The fact that water treatment is the centerpiece of the public area is an intentional expression of values and personality for Dockside Green, Van Belleghem says. "My observations of larger-scale community developments is they're often too sterile," the developer explains. "They don't focus enough on place, nature, and variety of design."
"Our children are losing their connection to nature because we haven't done a good enough job of introducing nature to urban settings," he continues. "So for us, nature is as important as architecture." In addition to the creek and greenway, Dockside's greenery will include rooftop gardens, 1,800 planted trees, and reintroduction of a natural harborside beach that had been removed during industrial times.
A Viable Model
This ambitious development seems to be faring well financially — at least as of late September 2008 — despite the collapse of a surging housing market. Not only is occupancy nearly full for the first phase, but preoccupancy of the second two towers is just under 90 percent.
"It has shocked people how well the financial side has been going," Van Belleghem reports, adding that he's not among those surprised by the success. Compared to their suburban counterparts, he asserts, "Projects like Dockside are best-positioned to succeed. There's a flight to value. People are looking at issues like climate and energy."
The City of Victoria acted as a partner in the development process. The various private and public entities involved had to integrate different methods and timetables for doing business, which sometimes proved challenging, especially when numerous changes to planning, zoning, and approved infrastructural or mechanical choices had to be secured.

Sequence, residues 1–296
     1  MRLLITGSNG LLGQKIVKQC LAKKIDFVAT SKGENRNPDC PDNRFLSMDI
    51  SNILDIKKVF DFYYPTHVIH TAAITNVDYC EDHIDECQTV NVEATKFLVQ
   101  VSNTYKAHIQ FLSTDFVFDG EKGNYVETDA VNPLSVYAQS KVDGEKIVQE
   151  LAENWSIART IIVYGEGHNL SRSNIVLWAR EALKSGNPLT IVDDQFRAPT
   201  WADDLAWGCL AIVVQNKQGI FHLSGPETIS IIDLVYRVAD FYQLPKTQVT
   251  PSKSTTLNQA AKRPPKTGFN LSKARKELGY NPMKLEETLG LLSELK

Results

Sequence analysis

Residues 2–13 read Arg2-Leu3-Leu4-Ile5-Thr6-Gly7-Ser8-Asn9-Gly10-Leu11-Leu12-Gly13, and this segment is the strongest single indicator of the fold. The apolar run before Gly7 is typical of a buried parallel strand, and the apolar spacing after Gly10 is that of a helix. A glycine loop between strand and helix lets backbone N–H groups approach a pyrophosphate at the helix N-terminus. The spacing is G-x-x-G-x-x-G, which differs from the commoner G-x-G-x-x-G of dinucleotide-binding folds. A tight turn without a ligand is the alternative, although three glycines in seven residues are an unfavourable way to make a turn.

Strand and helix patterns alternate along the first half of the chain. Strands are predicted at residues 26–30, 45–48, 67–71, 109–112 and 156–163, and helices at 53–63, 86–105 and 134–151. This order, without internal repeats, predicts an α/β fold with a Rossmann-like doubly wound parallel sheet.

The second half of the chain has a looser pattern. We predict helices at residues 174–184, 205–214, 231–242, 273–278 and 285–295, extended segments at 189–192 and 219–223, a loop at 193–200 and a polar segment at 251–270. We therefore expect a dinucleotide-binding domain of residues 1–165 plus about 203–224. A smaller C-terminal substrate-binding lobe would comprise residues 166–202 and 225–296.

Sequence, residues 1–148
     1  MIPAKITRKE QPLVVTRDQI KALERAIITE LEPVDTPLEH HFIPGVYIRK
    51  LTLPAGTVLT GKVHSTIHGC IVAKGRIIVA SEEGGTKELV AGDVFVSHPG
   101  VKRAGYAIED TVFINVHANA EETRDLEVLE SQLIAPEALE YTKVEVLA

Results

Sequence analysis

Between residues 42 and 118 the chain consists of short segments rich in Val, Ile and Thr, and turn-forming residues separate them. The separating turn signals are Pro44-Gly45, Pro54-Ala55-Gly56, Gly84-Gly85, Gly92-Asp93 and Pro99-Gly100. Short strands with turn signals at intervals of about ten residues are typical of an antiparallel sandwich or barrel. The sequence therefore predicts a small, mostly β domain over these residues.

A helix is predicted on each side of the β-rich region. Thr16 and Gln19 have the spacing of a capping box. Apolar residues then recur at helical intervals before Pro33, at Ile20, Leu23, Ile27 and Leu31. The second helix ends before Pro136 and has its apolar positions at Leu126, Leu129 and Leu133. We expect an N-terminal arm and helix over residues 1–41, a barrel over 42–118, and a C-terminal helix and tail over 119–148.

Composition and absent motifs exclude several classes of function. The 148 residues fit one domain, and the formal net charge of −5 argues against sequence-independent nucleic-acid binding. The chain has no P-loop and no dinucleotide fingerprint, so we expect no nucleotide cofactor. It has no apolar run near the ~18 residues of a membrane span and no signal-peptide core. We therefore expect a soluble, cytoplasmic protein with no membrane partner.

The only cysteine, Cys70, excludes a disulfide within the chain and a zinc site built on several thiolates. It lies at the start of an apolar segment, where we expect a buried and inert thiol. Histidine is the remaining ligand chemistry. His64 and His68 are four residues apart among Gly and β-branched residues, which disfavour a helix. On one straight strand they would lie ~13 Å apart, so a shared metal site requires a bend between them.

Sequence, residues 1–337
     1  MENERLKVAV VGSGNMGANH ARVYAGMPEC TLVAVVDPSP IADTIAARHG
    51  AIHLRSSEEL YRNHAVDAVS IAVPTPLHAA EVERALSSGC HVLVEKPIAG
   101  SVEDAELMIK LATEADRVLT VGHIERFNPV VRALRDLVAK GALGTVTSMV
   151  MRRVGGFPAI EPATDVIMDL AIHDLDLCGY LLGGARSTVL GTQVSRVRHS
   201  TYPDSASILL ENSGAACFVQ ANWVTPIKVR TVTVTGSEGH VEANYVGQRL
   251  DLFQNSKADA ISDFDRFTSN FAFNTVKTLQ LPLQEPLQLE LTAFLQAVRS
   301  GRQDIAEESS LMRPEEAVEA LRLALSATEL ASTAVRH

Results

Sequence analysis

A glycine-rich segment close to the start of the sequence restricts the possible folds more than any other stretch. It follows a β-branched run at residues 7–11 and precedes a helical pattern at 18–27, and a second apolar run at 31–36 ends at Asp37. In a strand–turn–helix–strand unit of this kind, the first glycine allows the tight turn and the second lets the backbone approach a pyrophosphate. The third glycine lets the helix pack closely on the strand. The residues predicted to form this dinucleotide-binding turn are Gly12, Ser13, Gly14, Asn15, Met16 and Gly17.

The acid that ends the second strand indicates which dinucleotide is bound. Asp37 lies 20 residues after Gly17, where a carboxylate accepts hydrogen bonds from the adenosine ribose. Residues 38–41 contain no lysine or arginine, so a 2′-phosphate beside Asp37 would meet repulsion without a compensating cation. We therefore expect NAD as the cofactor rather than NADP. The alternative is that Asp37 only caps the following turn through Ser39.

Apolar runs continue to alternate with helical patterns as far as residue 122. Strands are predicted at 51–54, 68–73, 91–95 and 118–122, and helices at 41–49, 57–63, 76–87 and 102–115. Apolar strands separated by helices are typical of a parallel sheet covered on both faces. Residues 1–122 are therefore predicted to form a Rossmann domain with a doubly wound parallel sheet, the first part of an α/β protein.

"Some of the technology we're using on site, like biomass — they're proven technologies, but in this region, they're not common," Van Belleghem says. "Working with government to change policies, it was very time-consuming and intensive."
But, says Fawkes of the City, "Being the owner of the property, they were committed to making it work. Sometimes approval took longer because we were, say, doing something the plumbing code wouldn't allow. It made for some rewriting, but it worked out."
And, he adds, Dockside Green has helped transform the Victoria market. "When the city put out their RFP for the triple bottom line, it wasn't a common topic of discussion," the architect says. "Now it is, and that's where we want to go, with developments like Dockside being common."
"Dockside has proven you can take a typical development and [create] a LEED Platinum development. It shows everybody else can do that, too. We're seeing that in other developments in the city. Going for LEED Gold is almost a requirement now."
Brian Libby is a Portland, Oregon-based freelance writer who has also published in Metropolis, Architectural Record, The Christian Science Monitor, and The New York Times.
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